Spin City: Al Qaeda’s New Image-Obsessed Media Wing
Photo: Image of Madad News Agency newsletter, dated April 2012
When Al Qaeda in Yemen reporter Ghaith Abdul-Ahad and his director Safa al-Ahmed met up with their Al Qaeda contact Fouad in the southern Yemeni town of Ja’ar, they had their cameras ready.
What they didn’t expect was that Fouad — a fighter and political officer with Al Qaeda’s local franchise Ansar al-Sharia — would as well.
Throughout their tour of Ja’ar, Fouad filmed both of them, leaving his camera running to document what he described as the group’s effective governance of an entire city — administering scarce resources like water and electricity, and implementing Sharia law.
Fouad gave Abdul-Ahad and al-Ahmed a hard drive with even more footage — propaganda videos showing Ansar al-Sharia in action: engaging in charitable acts for the local population and videos of Al Qaeda fighters attacking a Yemeni army base near Ja’ar and taking dozens of soldiers as prisoners.
The two journalists asked to see the prisoners Al Qaeda claimed to have captured. After some negotiations, Fouad agreed, and even offered them a scoop.
“We’ll give you ‘an exclusive’,” al-Ahmed recounted Fouad saying. “We’ll take you to meet the soldiers being held as prisoners, and we promise no one else will have video from there for the next week.”
It was a bizarre proposition, but al-Ahmed says it’s the perfect example of just how media-savvy Ansar al-Sharia has become over the last year. Not long after Abdul-Ahad and al-Ahmed left Yemen, a slick video of their visit with the prisoners — embedded below — was released online by “Madad News Agency,” Ansar al-Sharia’s media wing.
“Each one of [us] has three, four or seven children,” one of the soldiers says in the video. “What is our crime? We followed the state’s orders and fought for it down to the last bullet, and now they’ve abandoned us so easily.”
Since last November, Madad has released 12 videos dubbed “Eyes on the Event,” says Aaron Zelin, a fellow at the Washington Institute who posts about and sometimes translates the videos at his blog Jihadology.
The footage often includes their daily operations, surveys of citizens on the ground who are unhappy with the government, the aftermath of drone strikes on civilians and the executions of those they deem spies.
The group even has an “unofficial” Facebook page (with a meager 118 “likes”) where updates are sometimes posted faster than they are on some of the most prominent jihadi internet forums.
And beginning last October, Madad began publishing newsletters about Ansar’s operations, emphasizing its message that the group succeeds where the government cannot.
For example, in this newsletter [PDF], dated April 2012, an article refers to Abdul-Ahad’s trip to see the prisoners. One captive soldier is quoted as saying that “Ansar al-Sharia treats the soldiers better than the government did, since the government is showing no concern about its own imprisoned soldiers.” The newsletter goes on to boast that Ansar al-Sharia had allowed three doctors and two nurses from the Red Cross to visit prisoners in Abyan the week before to treat those wounded from the fighting. “The mujahideen who are prisoners in government jails, by contrast, are denied medical treatment, and are subjected to physical and psychological torture,” the article claims.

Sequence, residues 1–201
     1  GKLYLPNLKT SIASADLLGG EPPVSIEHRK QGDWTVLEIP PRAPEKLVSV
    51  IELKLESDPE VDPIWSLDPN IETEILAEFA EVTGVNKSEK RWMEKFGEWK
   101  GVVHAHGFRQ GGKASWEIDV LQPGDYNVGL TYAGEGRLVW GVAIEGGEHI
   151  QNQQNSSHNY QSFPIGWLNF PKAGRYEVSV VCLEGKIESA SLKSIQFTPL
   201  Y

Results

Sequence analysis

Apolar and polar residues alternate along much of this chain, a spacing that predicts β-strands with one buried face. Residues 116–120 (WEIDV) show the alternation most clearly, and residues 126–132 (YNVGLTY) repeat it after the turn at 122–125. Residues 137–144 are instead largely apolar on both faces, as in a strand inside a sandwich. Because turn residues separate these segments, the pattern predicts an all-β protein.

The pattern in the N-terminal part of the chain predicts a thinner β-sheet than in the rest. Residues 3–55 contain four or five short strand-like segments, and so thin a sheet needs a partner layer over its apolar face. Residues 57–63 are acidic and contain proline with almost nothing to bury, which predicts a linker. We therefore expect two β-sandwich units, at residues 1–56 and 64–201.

“In some sense, their audience is global, to say to their grassroots supporters online around the world, ‘Look what we’re doing here,'” says Zelin. “But a lot of what they publish highlights what’s happening in towns and the operations they are running — it’s sort of their own weekly, or bi-monthly newspaper for their local towns that they’re controlling.”
When Abdul-Ahad journeyed to Yemen’s dangerous and remote Shabwa region — the home of Anwar al-Awlaki, the American-born preacher killed last year in a U.S. drone attack — he found that Ansar al-Sharia’s media apparatus plays a significant role in establishing its presence in a community:
Al Qaeda doesn’t roll its armored vehicles or pick-up trucks and take over a town. They establish one of these Dawa centers, one of these media offices … and they start spreading the message, giving leaflets, giving CDs, creating a small nucleus of people who would be sympathetic to Al Qaeda. Then Al Qaeda would come, based on the invitation of that group of people, and establish roots within a local society. So they don’t impose themselves by means of their military power, but they exist within the society gradually.
While Madad may help the organization build its base among local populations, it can also help Westerners understand the terrorist group.
“These guys are telling us about themselves through these publications,” says Zelin. “It’s propaganda, but it’s also news from their perspective, and it’s a great way to see what they’re doing and who they interact with. Ideologically it’s still important to see what [Al Qaeda’s top] leaders put out individually, but in terms of getting a bigger picture of what Al Qaeda is doing on the ground in areas few can access, it’s some of the only information we’re getting.”